Who was Drusilla Beyfus anyway? She was and still is an expert on royal stuff, etiquette and fashion. Not the All Saints end of the fashion market, one suspects. In her biographical notes she says she enjoys cooking, walking and, mysteriously, "reflecting on the general problem of being a woman today".

In London, she says, "there is an extraordinary variety of things for young people of all ages to see and do." For instance? "Few children would dream of missing the Changing of the Guard ceremony at Buckingham Palace." What about the few who would? "A trip to Chelsea Barracks provides a more up-to-date concept of Britain's military equipment." Hmm. Was this really the best that swinging 60s London could offer the young dudes of the time? Pretty much, yes. Apart from Len's adventure playgrounds, most of the attractions that Drusilla highlights were the ones that, these days, most kids would only visit as part of some loathsome school trip.

The appeal of this chapter lies in Drusilla's very correct prose style and in her unshakable belief that a day out should be both educational and an opportunity to inculcate children with the glories of Royalty and Empire.

"It is well worth while making the necessary arrangements to visit the Royal Mews to see the gilded state carriages."

"A visit to the Crown Jewels is imperative." Got that? Imperative.

"The major London museums are particularly in tune with the instinctive tastes and interests of young visitors." In the Science Museum, "look out for the coal-mining equipment… children need never again be muddled about the derivatives of coal tar." What? You mean there were kids back then who didn't know that sort of thing? Sheesh. The V&A also gets a thumbs up from Drusilla, or rather a stately inclination of her noble head, before she provides us with a clue as to why, perhaps, she considers being a woman to be such a problem.

"For girls", she writes, "I wouldn't omit a trip to the Bethnal Green Museum. This collection is noted for antique dolls' houses." Yeah, you go look at your dolls' houses, girls, while us boys get down with the coal tar derivatives!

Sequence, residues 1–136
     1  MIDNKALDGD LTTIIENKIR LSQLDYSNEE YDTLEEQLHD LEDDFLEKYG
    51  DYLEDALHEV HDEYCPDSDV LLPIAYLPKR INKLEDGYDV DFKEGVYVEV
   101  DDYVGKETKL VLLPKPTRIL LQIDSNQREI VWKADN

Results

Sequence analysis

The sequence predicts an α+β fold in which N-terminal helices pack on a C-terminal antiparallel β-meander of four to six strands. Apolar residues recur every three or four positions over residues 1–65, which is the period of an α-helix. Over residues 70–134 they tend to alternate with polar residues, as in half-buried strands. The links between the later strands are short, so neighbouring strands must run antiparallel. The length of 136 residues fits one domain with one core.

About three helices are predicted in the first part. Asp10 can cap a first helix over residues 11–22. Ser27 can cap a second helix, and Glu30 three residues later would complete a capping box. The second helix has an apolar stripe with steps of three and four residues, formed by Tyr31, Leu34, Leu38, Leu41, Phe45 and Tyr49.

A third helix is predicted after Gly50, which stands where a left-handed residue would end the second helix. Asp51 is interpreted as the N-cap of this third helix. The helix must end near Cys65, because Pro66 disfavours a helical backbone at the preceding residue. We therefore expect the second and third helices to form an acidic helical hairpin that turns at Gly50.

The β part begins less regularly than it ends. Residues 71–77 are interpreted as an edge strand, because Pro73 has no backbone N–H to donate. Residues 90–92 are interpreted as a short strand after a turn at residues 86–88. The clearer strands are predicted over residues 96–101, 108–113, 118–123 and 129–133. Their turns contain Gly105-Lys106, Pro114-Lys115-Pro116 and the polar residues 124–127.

A visit to London Zoo was a sure-fire hit. Photo by Mac Spud in the Londonist Flickr pool

Presumably both sexes would enjoy Regent's Park Zoo and the Chimps' Tea Party. However, "Zoo diet schedules should be checked up on in advance. For example, the lions, tigers and eagles do not get a bite to eat on a Wednesday." Some religious thing, presumably.

What else? "A matinee followed by a sticky tea is a combination of pleasures at which London excels." Family favourites such as Oliver Twist, Peter Pan, Toad and Treasure Island were all being staged around then, but Drusilla has other ideas. "Make a bee-line for any Shakespearian play or see Royal Ballet productions at the Royal Opera House". That sticky tea better be good. But be warned if you are with what Drusilla calls "bib-stage children".

"A number of restaurants have not cottoned on to the fact that babies and toddlers accompany their parents everywhere these days." Shameful. Such a change from these days.

She goes on to recommend healthy sporting activities in her inimitable style. "Ice-skating goes on at Queen's Ice-Skating Club, Bayswater." "Riding can be had in the Rotton Row". Then, finally, she acknowledges the existence of Battersea Fun Fair. "It’s crowded, noisy, colourful and brash", she warns, before conceding — one senses it took some effort — that a visit to the fair is "often the first choice of London children when asked what they would best like to do with Saturday afternoon."

Next time, Adrian Flowers focuses on Photography.

Other instalments

Introduction
Chapter 1: Teenagers
Chapter 2: Food
Chapter 3: Drink
Chapter 4: River
Chapter 5: Music
Chapter 6: Self Indulgence
Chapter 7: Mood

Last Updated 25 May 2016